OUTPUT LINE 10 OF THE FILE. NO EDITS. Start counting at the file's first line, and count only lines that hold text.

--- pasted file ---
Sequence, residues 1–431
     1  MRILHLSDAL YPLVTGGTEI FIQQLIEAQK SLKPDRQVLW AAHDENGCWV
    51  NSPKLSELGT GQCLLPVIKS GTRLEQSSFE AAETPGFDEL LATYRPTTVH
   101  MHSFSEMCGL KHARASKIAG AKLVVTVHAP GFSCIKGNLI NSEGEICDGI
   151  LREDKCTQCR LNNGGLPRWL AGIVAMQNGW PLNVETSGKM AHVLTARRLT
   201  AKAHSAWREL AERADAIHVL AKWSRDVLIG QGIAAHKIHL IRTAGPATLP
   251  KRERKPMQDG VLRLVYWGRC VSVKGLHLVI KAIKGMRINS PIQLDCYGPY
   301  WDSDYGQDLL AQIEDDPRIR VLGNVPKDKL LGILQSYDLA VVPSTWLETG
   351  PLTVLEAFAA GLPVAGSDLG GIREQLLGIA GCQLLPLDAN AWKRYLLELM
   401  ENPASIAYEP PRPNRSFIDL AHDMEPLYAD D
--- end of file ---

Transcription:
   401  ENPASIAYEP PRPNRSFIDL AHDMEPLYAD D